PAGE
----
If you’re a Northeastern grower or somewhere in the Midwest, you’ve probably encountered floods on the rare occasion. If you’re a Southern grower or operating in California, drought has likely parched your plants over the last few years. If you’re growing anywhere else in the United States, you might have even had an unfortunate taste of both.
Drought and floods alone are just the surface of grower water issues, though. Dig a little deeper, and regulation, recycling and general water treatment questions are bound to spout.
But where are growers to turn with their irrigation questions? Why not educators, research institutions like the recently formed Water Education Alliance for Horticulture and industry organizations like the Irrigation Association?
“There is a lot of ongoing research on water use, water requirements of plants and different ways to deliver water through irrigation systems. But water quality is also an issue as growers use recycled and reclaimed water, so information is needed on how to treat disease, algae and nutritional problems,” says Paul Fisher, an associate professor and Extension specialist in the Environmental Horticulture Department at the University of Florida who also leads the Water Education Alliance. “We’re partnering with leading researchers and water treatment companies to help educate growers.”
The Water Education Alliance For Horticulture
The Water Education Alliance, hosted by the University of Florida, was established in 2008 as a partnership between universities and water treatment, media, fertilizer and irrigation management companies designed to help growers use water efficiently and sustainably. The alliance’s goal is to provide growers with information on water treatment and conservation and to fill information gaps on technology efficacy.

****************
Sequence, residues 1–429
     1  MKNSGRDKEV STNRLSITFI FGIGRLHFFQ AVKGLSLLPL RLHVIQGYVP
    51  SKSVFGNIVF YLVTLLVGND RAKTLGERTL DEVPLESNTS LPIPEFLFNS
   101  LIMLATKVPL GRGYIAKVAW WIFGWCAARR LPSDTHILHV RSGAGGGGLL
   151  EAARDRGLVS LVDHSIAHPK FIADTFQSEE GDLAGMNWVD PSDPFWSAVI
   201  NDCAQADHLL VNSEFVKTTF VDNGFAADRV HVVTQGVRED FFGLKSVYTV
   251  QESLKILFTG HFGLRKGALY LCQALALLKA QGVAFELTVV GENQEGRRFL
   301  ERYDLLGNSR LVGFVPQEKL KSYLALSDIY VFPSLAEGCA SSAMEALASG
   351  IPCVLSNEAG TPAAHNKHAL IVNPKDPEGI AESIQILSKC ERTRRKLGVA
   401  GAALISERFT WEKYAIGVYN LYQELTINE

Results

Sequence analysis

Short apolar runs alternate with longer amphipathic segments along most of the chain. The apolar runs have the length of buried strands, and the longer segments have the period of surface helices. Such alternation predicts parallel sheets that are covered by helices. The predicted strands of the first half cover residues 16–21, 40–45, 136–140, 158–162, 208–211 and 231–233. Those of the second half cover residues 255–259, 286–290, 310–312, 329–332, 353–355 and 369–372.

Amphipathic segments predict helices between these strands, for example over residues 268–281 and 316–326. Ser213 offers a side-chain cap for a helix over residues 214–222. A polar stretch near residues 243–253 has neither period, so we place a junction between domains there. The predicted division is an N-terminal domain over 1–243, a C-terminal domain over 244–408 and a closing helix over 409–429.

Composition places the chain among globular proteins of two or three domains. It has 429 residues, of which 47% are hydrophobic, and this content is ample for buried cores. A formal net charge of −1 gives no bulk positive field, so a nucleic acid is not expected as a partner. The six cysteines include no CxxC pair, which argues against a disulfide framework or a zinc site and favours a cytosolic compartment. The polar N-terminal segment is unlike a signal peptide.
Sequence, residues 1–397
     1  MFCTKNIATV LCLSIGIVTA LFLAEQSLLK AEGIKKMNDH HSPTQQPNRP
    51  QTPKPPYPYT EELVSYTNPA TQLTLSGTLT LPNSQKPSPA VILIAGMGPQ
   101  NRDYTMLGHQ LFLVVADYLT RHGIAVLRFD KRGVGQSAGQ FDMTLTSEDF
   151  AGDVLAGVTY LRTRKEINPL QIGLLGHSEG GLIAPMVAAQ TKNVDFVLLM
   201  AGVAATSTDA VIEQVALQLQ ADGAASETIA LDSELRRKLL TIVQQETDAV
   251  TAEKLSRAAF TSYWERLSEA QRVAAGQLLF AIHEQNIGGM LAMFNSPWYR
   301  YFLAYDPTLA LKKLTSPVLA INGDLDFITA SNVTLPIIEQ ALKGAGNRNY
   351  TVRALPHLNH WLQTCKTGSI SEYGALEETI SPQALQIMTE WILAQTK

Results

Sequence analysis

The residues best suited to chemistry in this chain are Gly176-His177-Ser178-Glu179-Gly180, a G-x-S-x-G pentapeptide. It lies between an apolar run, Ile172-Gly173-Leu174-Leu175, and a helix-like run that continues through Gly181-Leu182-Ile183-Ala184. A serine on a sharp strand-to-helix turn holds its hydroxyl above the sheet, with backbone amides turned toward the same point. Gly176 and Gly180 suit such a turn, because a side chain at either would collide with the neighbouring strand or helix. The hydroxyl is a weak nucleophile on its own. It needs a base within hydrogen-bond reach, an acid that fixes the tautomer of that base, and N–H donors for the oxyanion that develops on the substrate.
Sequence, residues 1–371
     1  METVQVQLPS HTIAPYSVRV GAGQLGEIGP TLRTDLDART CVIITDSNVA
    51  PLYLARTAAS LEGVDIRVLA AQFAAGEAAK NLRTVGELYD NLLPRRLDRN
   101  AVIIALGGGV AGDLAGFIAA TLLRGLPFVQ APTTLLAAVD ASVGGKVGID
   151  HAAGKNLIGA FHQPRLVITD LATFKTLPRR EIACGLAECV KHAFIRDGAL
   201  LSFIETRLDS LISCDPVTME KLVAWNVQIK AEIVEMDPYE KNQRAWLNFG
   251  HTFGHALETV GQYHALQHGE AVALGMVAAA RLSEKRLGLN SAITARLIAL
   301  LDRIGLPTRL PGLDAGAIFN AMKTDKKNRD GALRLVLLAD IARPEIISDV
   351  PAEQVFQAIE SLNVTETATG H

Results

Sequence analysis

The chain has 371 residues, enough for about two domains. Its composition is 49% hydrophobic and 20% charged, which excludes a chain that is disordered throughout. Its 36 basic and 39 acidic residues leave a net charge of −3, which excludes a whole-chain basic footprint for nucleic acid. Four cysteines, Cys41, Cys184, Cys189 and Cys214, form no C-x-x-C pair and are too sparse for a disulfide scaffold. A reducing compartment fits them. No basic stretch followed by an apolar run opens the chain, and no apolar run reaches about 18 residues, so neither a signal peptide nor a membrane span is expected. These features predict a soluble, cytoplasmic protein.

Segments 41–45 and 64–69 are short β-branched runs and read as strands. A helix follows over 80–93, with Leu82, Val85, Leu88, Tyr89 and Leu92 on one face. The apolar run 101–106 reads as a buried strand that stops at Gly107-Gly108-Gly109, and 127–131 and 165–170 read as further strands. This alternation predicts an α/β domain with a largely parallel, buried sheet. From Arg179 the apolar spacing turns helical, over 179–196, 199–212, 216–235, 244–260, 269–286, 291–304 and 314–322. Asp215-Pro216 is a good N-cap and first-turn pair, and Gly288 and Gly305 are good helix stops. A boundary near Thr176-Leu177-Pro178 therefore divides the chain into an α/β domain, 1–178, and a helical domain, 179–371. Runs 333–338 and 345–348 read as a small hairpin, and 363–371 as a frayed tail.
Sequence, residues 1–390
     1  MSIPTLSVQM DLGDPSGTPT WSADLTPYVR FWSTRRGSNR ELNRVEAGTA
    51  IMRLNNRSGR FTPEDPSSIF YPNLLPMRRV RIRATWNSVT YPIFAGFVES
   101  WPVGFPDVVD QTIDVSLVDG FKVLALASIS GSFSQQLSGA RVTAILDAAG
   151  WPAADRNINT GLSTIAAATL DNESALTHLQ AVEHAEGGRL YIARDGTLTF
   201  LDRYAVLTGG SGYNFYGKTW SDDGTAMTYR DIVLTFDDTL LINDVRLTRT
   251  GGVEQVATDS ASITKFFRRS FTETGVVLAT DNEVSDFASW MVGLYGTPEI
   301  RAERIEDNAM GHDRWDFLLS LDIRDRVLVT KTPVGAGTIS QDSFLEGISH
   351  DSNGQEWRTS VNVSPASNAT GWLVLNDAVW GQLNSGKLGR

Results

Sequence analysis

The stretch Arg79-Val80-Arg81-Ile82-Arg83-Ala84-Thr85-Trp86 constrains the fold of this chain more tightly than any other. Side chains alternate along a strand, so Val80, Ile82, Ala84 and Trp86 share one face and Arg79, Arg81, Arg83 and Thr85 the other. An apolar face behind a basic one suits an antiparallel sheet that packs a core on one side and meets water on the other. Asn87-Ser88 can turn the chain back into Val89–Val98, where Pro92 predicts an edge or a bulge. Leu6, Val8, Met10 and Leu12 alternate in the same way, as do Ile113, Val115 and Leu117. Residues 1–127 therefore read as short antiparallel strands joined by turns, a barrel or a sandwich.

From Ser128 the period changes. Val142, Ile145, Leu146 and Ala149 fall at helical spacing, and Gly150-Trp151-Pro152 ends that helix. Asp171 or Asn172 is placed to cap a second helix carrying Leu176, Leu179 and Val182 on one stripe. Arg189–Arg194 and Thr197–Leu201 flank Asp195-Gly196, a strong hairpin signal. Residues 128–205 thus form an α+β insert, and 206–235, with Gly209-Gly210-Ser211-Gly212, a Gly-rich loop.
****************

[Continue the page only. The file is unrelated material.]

“Growers would all like to use less water and reduce runoff,” Fisher says, “but they are concerned about issues such as pathogen spores in recycled water. Growers come to me and ask, ‘What should I use to treat my water?’ I kind of feel like a politician answering them. The answer usually is: ‘It depends.'”
Unfortunately, the best treatment option needs to be tailored to each grower. As Fisher says, answers tend to hinge on filtration, water source and a grower’s priorities for particularly sensitive crops. His job, along with alliance collaborators who include his university and industry colleagues, is to help growers sift through a series of decisions and select a mix of approaches that might work for their particular operation.
One way the Water Education Alliance is addressing issues is through case studies on its website.
“We’re going to be working on decision-making flow charts this year in terms of (1) choosing filters and (2) helping growers pick between different water treatment chemicals and technologies,” Fisher says. “We see that type of interactive tool as another way of making our website more than just a filing cabinet of articles and other things.”